A worldwide diet analysis published in The Lancet on April 3 studied about 27 years worth of data and revealed the number one cause of death around the world. Over common health ailments such as high blood pressure and smoking, a poor diet leads to the highest number of deaths in the world.
What The Study Found
According to this research, 11 million deaths happened in 2017 because of diets that contained too much sodium and lacked whole grains, fruit, nuts, and seeds. Ashkan Afshin, the lead author of the study, pointed to the fact that while the traditional conversation about a healthy diet is focused on lowering a person’s consumption of unhealthy food, this study revealed that the more important strategy may be to increase intake of healthy food.
To complete the analysis, Afshin and his colleagues looked at 15 dietary risk factors. These factors were partially made up of high amounts of unhealthy foods, such as sodium, red meat, trans fat, and sweetened beverages. The risk factors counted low amounts of healthy foods as well, such as vegetables, calcium, and milk. The study also considered nutrients like omega-3 fatty acids, which are found in two times the normal amount in organic meat and milk options.
The study found that over half of the deaths in 2017 were due to just three of the 15 factors: not enough fruit, not enough whole grains, and not enough fruit. According to Afshin, those three risks remained true despite the differing socioeconomic levels of most nations.
Of course, the people in this analysis didn’t just die from unhealthy diets, but from the conditions that the diets caused. Nearly 10 million of the diet-related deaths in 2017 resulted from cardiovascular disease and 913,000 were from cancer. Type 2 diabetes accounted for 339,000 deaths.
While the exact diet gaps varied from country to country, the study shines a light on the need for individuals to focus on adding healthy foods into their diet rather than cutting out bad food. Many people already try to do this, as 88% of consumers cite health benefits as one of the reasons they eat fish and seafood. But is that what our bodies are lacking for optimal health? Let’s take a look at which healthy foods you should start incorporating into your diet in order to fight against the statistics found in this study.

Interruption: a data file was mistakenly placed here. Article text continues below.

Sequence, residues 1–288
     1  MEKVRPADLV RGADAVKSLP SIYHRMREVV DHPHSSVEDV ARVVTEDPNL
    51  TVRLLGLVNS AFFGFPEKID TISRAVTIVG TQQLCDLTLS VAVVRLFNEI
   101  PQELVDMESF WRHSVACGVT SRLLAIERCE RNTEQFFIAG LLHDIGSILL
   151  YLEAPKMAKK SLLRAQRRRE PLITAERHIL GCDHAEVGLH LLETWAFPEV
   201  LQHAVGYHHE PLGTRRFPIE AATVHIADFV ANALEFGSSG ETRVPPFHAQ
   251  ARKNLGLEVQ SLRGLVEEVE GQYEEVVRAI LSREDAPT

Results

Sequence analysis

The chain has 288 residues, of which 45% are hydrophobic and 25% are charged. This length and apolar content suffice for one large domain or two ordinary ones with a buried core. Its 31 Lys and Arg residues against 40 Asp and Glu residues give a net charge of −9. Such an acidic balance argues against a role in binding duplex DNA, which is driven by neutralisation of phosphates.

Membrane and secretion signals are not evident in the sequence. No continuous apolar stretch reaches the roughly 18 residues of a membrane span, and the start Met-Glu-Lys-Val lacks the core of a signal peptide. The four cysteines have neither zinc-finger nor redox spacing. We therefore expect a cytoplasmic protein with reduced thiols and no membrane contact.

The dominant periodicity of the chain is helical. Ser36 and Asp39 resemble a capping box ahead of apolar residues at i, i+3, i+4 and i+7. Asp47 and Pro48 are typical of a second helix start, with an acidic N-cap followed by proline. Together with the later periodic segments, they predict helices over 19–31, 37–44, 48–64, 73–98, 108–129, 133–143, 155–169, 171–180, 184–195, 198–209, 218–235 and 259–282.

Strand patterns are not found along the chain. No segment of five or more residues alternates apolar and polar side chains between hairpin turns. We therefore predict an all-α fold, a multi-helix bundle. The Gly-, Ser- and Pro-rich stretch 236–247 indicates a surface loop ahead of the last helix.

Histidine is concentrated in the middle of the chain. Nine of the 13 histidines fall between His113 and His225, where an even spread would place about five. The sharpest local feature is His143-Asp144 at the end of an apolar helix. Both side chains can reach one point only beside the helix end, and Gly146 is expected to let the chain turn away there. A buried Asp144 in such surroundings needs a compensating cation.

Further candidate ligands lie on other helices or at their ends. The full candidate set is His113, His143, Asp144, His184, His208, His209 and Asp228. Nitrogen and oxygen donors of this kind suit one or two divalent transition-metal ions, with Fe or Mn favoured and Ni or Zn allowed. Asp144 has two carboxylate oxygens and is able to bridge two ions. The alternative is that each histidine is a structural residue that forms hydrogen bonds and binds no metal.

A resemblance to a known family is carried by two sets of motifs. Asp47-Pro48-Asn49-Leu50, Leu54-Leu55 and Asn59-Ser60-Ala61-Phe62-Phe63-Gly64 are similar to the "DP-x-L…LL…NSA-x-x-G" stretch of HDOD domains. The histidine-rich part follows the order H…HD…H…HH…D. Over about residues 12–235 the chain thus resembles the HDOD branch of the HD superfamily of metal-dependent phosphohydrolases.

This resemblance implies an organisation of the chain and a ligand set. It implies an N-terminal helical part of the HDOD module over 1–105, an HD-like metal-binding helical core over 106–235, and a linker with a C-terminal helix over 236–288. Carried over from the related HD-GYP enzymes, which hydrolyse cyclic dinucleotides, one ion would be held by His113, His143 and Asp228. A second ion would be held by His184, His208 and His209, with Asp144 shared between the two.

What Foods You Need For A Healthy Diet
We know that adults who engage in over seven hours of physical activity per week have a longer life expectancy, so a healthy diet certainly isn’t the only key to living a healthy life. Simply adding key healthy foods to your diet can nicely complement the physical work you’re already doing. Together, eating nutrient-rich food and exercising can make a major difference in your health.
Start making this difference a reality by adding more whole grains and nuts into your diet. Afshin advises that since the study revealed that people were only eating about 12% as many nuts and 23% as many whole grains as they should have been, these foods could be key to good health.
As simple as they may seem, nuts are full of heart-heathy fats and a variety of vitamins and minerals that your body needs. Getting a higher intake of whole grains has been linked to lower rates of cardiovascular conditions, cancer, and Type 2 diabetes. These are the same conditions that caused a majority of the of diet-related deaths in the study.
In combination with a healthy intake of fruits and vegetables, nuts and whole grains can help your body fight against these dangerous conditions. At the same time, they’ll strengthen your heart, immune system, and liver, which is the second largest organ in your body.
What’s striking about the recent study isn’t that our diets impact our long-term health. We’ve known that for decades. Rather, the study indicates that all of those diets that cut out things like carbs and sugar may not be as effective as we want them to be. Anyone striving for a long life should instead welcome healthier options into their pantry and fridge that work to provide their body with the vitamins and nutrients it so desperately needs.